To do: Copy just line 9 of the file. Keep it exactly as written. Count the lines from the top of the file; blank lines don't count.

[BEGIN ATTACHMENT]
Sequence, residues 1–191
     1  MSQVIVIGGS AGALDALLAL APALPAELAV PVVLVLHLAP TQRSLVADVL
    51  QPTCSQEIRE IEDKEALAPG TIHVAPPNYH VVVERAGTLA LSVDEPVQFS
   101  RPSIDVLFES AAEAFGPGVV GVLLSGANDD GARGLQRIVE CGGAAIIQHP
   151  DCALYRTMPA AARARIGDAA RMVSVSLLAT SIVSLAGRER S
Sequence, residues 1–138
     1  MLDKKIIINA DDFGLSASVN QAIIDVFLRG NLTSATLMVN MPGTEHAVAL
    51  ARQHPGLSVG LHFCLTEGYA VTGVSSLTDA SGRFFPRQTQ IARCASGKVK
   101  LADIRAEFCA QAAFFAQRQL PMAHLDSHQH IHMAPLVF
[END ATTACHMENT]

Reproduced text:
   101  LADIRAEFCA QAAFFAQRQL PMAHLDSHQH IHMAPLVF